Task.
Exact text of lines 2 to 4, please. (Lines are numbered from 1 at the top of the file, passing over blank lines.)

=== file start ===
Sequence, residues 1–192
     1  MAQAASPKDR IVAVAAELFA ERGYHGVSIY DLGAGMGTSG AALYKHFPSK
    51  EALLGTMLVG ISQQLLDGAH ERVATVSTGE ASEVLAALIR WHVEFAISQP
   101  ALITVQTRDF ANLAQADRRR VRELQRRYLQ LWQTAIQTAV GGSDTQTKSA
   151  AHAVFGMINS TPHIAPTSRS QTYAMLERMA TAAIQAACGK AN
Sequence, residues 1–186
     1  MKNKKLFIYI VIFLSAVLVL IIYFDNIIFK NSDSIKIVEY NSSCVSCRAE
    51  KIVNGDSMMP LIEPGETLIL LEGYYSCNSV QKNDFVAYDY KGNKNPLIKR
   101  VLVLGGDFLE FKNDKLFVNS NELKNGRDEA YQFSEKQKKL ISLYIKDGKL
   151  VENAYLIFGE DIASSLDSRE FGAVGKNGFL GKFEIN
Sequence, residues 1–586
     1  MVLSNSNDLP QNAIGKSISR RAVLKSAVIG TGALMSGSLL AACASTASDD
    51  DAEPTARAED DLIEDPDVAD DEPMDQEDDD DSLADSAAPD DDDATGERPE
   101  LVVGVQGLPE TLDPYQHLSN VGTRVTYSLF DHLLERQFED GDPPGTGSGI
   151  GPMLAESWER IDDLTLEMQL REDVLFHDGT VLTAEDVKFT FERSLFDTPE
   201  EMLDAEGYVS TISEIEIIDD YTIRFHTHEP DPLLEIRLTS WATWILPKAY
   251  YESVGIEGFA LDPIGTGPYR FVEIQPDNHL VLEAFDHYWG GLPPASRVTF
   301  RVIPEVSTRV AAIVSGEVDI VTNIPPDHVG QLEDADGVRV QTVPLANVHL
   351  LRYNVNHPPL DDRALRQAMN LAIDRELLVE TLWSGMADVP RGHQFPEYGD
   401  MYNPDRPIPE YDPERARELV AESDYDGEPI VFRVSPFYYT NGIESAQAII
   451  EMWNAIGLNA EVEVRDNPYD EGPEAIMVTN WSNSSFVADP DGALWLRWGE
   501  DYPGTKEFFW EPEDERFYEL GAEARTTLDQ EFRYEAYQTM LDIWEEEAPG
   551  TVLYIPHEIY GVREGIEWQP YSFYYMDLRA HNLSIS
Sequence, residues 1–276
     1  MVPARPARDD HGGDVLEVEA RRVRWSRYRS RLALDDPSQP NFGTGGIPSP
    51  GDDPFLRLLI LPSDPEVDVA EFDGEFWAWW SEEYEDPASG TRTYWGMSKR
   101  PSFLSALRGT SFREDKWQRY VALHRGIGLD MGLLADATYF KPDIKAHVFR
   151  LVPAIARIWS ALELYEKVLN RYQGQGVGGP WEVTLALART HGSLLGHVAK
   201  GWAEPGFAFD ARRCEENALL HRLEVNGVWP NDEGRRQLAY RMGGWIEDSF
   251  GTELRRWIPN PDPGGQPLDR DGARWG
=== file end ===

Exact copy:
     1  MAQAASPKDR IVAVAAELFA ERGYHGVSIY DLGAGMGTSG AALYKHFPSK
    51  EALLGTMLVG ISQQLLDGAH ERVATVSTGE ASEVLAALIR WHVEFAISQP
   101  ALITVQTRDF ANLAQADRRR VRELQRRYLQ LWQTAIQTAV GGSDTQTKSA